These noises join a number of others. All seem to reside somewhere in the middle of my head. More gravitate toward the left side, where my hearing is much worse, but if I concentrate hard I can isolate which noises seem to emanate from what ear. In addition to the airplane engine that is a constant on the left side, and the chain-saw whine that comes and goes on the right side, there is an ongoing, high-pitched “hissing” on both sides that is like the tinnitus noise I always experienced, but much louder. Then, on the left again, there is a not-unpleasant bubbling exactly like the sound an air-filter pump makes in a small tropical fish tank. There is also a steady buzzing like the loud electrical hum you hear from a transformer on a telephone pole when you’re walking down a quiet country lane on a hot summer day.
I’m told the noises are after-effects from the damage my hearing nerves suffered when excess fluid from my Meniere’s disease created pressure in my inner ears, and when my auto-immune system went haywire and dispatched anti-bodies to attack them. My otolaryngologist (an ear, nose and throat specialist who is also a surgeon) told me my injured hearing organs are much like an aging football player’s arthritic knees. Every once in a while, the old injuries will act up, there will be a little swelling, and the sounds in my head will get louder. I liked this analogy because it sounded somewhat macho. But the problem with damage to your inner ears is that, unlike your knees, there’s not a heck of a lot of room for swelling in there. So it doesn’t take much of a change in the weather, the onset of allergy season or more than a touch of a common cold for the noises in my head to start acting up.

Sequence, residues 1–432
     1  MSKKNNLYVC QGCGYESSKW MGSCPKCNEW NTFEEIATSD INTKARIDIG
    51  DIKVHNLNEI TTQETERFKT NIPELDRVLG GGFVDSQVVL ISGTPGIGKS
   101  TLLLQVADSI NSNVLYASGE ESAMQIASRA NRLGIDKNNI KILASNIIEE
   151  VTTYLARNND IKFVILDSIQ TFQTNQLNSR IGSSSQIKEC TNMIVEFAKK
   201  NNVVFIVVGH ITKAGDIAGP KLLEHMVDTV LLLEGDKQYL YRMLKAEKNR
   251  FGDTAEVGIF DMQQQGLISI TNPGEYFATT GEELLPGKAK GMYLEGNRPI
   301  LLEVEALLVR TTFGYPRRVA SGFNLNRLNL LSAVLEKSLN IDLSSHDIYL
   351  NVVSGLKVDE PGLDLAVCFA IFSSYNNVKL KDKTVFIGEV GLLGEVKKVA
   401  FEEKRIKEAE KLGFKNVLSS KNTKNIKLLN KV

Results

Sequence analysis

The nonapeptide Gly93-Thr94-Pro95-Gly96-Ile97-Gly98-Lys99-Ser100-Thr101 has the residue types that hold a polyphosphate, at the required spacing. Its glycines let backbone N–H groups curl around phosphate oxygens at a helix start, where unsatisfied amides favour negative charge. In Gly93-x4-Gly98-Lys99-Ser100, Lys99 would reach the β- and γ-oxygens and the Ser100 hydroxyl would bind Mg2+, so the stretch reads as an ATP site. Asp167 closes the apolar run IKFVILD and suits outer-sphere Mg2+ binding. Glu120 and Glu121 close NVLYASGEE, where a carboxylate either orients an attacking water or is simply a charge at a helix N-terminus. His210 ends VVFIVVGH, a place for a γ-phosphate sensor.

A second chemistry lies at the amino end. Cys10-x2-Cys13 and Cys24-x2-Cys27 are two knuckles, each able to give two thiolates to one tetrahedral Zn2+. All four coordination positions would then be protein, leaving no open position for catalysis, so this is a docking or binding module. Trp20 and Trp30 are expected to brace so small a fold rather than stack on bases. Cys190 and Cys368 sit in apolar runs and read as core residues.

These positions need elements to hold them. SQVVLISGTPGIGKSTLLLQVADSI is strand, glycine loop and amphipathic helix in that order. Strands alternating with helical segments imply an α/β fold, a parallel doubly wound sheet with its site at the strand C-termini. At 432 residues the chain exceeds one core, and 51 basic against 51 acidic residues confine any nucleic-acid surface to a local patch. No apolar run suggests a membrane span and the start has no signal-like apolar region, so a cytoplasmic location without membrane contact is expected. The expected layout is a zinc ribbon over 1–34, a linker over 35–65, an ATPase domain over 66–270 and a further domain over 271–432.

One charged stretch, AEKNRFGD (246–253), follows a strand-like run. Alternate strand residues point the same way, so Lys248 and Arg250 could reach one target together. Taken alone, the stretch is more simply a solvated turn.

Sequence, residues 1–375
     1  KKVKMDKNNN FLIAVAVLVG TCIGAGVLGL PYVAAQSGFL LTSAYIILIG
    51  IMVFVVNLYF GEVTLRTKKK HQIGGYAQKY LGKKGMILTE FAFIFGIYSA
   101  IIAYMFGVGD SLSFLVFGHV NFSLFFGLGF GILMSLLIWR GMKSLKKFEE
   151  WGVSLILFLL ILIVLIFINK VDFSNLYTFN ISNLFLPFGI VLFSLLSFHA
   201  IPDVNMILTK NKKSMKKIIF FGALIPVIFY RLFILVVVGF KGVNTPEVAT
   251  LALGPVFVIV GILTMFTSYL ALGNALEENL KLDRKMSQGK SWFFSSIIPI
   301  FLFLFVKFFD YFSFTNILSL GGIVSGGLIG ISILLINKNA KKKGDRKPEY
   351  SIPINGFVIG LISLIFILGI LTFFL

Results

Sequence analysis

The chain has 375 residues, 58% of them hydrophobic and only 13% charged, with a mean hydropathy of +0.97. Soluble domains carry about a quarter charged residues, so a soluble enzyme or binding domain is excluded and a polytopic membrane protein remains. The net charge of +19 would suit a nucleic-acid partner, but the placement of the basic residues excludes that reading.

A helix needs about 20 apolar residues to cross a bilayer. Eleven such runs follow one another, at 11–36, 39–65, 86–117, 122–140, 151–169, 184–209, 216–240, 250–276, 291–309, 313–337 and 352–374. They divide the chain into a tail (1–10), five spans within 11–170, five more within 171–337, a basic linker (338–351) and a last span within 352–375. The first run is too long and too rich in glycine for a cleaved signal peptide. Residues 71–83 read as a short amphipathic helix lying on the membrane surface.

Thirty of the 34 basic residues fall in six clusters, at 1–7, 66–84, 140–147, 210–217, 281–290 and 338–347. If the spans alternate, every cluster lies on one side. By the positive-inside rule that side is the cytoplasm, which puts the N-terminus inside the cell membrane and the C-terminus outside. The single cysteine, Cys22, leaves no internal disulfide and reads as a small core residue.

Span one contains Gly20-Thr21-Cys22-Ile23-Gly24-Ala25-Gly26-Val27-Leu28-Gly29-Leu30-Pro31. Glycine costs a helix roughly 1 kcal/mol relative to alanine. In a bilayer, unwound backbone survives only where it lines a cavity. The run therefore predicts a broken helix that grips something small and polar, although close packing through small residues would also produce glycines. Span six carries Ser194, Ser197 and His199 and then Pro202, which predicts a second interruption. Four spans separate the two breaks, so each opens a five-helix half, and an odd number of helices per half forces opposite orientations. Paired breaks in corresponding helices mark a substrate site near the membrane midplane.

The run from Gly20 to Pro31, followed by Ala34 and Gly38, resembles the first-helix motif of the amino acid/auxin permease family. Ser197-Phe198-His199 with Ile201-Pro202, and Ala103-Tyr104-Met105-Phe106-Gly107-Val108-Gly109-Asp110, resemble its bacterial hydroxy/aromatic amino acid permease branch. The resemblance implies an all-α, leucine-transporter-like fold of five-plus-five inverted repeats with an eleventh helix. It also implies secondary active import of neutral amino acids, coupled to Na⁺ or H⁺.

There is one more effect I’ve experienced from the sounds in my head. I hesitate to mention it because it’s so strange. For over a year after my sudden hearing loss, I heard a musical chord that played constantly, like an organ that was stuck. The chord’s key would change occasionally in discernible ways; I could even hum the various notes of the chord in whatever key my brain had set it to play that day. It was very, very weird and more than a little unsettling, but at least the chord always seemed to be in tune and harmonious. (It was unlike my experience with music generated in the real world, which was and remains a complete discordant jumble of noise because of the distortion of my hearing). After living with this musical chord for several months, I discovered that if I used a strange filtering trick I found my brain could play, I was able to physically select the tones that I would hear most loudly and suppress the others, and thereby “play” simple songs in my head. This wasn’t the familiar process of humming to oneself or remembering a tune. It was using the real sounds in my head to make actual music that my inner ear would generate and my brain would hear. One morning I played God Bless America successfully from beginning to end, using this newly learned trick of filtering and calibrating the music in my ears to specific tones. I played it several times.